Redemptions and a manager change, plus capital gains, is a combination likely to lead to a big payout. In fact, that's what happened last year at Harbor International HAINX after subadvisor Northern Cross was swapped out for Marathon Asset Management in August 2018. The fund paid out $21.70 on a NAV of $33.78 as the new managers swapped in their holdings. I doubt this year's payout will be anything like that large, but they have seen nearly $11 billion in redemptions, leaving a $6.6 billion asset base.

Victory Munder Mid-Cap Core MGOTX has seen $1.6 billion in redemptions, leaving it with $1.3 billion in assets. The fund has a 12% annualized 10-year return, so it would seem a good candidate for a big payout.

USAA International USIFX was sold to Victory and Victory promptly fired subadvisor MFS, which was running the bulk of the money in the fund. Victory chose in-house (read: more profitable for Victory) subadvisors to replace MFS. So, Victory will make money from this, and USAA made money from the sale, and USAA fundholders will get… a tax bill.

Will these funds and those listed in my table below actually make a big payout? Check their websites in November to see for sure.

Some Good Options for a Taxable Account The short answer here is that index funds (in exchange-traded fund or open-end format) are good bets to avoid big payouts because of their better structure and low turnover. I'll share a few and then some actively managed funds that are Morningstar Medalists.

Vanguard Total Stock Market Index VTSAX VTI is available in open-end and ETF form. It tracks the CRSP U.S. Total Market Index. It's super cheap, tax-efficient, and covers the whole U.S. stock market.

Ishares Core S&P Total US Stock Market ITOT tracks a different total market index, but that's not very important. It's cheap and it's diversified.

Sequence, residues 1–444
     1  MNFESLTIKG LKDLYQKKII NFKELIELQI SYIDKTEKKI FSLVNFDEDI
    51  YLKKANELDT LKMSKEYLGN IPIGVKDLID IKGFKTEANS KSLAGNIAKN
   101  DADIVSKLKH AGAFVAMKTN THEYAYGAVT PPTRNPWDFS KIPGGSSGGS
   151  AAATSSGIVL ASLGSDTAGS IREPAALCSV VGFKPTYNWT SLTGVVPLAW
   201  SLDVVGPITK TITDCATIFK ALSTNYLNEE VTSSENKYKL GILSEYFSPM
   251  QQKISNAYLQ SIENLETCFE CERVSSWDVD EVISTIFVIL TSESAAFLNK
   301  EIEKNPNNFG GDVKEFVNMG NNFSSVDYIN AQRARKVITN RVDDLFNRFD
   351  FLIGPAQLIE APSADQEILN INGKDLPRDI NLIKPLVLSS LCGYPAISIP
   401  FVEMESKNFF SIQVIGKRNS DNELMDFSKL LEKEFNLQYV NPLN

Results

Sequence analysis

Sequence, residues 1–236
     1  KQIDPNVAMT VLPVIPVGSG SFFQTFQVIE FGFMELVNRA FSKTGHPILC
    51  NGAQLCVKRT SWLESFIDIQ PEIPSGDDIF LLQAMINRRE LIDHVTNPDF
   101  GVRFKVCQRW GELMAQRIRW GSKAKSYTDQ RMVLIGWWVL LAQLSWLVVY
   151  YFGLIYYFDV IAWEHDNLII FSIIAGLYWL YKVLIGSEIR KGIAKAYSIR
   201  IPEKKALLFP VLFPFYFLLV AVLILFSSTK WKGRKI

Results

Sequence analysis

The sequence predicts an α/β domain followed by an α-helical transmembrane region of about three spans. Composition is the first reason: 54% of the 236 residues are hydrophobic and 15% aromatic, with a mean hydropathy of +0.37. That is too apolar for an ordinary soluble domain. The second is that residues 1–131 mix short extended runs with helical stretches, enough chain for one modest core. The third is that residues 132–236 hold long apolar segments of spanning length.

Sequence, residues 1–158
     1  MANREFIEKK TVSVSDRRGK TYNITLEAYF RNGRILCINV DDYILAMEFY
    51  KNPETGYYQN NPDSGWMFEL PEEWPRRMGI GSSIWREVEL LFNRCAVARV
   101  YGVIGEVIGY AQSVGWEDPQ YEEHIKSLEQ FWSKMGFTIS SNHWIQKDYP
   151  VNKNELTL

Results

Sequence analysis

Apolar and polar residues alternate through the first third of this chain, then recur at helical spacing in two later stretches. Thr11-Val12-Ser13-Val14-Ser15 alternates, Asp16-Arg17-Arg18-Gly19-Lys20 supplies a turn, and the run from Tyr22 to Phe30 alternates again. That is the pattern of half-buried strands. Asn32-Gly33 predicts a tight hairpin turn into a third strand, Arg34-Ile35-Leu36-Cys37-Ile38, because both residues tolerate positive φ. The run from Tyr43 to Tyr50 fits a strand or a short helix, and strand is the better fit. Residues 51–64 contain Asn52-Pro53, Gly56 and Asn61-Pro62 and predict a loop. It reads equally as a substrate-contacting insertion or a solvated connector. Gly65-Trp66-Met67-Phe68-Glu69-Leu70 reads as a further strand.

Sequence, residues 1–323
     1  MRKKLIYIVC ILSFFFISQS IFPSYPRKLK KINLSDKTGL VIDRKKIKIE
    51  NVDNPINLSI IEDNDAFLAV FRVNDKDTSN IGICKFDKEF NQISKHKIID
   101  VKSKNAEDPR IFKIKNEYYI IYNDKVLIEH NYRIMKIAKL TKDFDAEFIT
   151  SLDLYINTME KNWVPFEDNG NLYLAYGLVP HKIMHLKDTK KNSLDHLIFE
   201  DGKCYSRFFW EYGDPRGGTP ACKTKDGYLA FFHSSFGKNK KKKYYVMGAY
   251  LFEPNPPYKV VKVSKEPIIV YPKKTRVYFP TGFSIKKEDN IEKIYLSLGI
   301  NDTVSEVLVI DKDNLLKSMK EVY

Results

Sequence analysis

Vanguard Total World Stock Index VTWAX VT is even more diversified than the total U.S. market funds. And it's cheap.

Active In general, I sought Morningstar Medalist-rated funds with inflows and low five-year tax-cost ratios. These funds are unlikely to make big payouts this year.

Vanguard Tax-Managed Balanced VTMFX isn't technically an index fund because it doesn't aim to exactly track an index. Its equity sleeve, which is set at 49.9% of assets, tracks a tax-tilted Russell 1000-like benchmark, but it veers away from that slightly in order to minimize taxes. Its bond side is a close match with Vanguard Intermediate Tax-Exempt VWITX. Not many balanced funds use munis instead of taxable bonds, but it is a very sensible approach and quite cheap. In addition, by letting Vanguard rebalance on a security level, it's more tax-efficient than if you rebalanced among mutual funds.

T. Rowe Price Overseas Stock TROSX is in inflows, has a low tax-cost ratio, and doesn't appear to have a big capital gains overhang.

American Funds International Growth & Income IGAAX likewise ticks all the boxes for a positive tax picture. Its Morningstar Analyst Rating of Gold means it also hits all the notes on fundamentals such as management and fees.

DFA Emerging Markets Value DFEVX straddles the active-passive line, and it looks like it has a shot to emulate some of those positive tax characteristics from the passive side.

Parnassus Mid-Cap PARMX has a Silver Analyst Rating, inflows, and a benign tax record.

Fidelity International Growth FIGFX has a modest asset base with significant flows and modest past tax payouts. We rate it Silver.

Diamond Hill Mid Cap DHPAX is a rare thing: a value fund with inflows. The fund took in $93 million in net inflows for the 12 months ended in August on an asset base of $226 million. We rate it Gold.